Lunchtime often featured tables where specific discussions would occur, having spontaneously been announced at the morning circle. The afternoons were reserved for many concurrent presentations or discussions, so there were always hard choices to make about what to attend. During the course of the week, over forty different topics were explored, in a variety of meeting places. These ranged from the use of materials (such as bamboo, cob, adobe, and lime) to more theoretical discussions about engineering, thermal properties, efficiency, and design. One of the most popular forums was about codes and ways of improving the acceptance of natural building techniques by building officials. I will be writing about this topic in more detail in a future blog post.
I shared one two-hour presentation about earthbag building around the world with a woman architect from Israel, who had brought plans for an earthbag residence that she was designing for a client there. First I talked about the history and development of this technique, and then profiled a number of projects that have been completed (see www.earthbagbuilding.com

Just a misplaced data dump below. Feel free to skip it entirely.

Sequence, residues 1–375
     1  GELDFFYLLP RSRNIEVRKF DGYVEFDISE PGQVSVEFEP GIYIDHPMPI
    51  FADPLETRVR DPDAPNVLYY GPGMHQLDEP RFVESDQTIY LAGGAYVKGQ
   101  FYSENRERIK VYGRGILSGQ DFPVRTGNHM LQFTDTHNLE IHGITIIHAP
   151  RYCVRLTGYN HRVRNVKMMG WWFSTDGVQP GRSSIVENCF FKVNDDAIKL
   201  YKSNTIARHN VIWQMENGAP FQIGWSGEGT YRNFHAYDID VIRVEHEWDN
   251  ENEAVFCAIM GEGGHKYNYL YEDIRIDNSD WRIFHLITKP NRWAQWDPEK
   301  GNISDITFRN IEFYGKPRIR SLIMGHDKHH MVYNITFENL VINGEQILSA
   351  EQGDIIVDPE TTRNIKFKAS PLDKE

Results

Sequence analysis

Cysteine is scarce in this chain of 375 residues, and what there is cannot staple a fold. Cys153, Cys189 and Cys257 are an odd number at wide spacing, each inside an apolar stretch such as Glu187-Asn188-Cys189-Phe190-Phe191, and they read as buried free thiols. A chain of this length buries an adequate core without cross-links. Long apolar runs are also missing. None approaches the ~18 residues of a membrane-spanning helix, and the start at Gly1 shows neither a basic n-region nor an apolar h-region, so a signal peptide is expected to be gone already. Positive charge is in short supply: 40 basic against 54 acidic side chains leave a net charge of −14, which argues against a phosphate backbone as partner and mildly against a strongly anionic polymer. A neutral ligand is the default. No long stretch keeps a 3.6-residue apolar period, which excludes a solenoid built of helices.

). After this introduction, the architect laid her plans on a table and we all discussed specific questions that she had about them. This was a great way to learn some of the basics of earthbag building, and then apply these concepts to a specific situation.
I was very pleased that a discussion was convened to explore the role that natural building can play in what was described as the “long emergency,” or the compounded effects of climate change, peak oil and other resource depletion, population pressures, and financial crises. Without this discussion I would have felt that we were negligent in addressing these most pressing issues. I plan to write another entire blog post about this.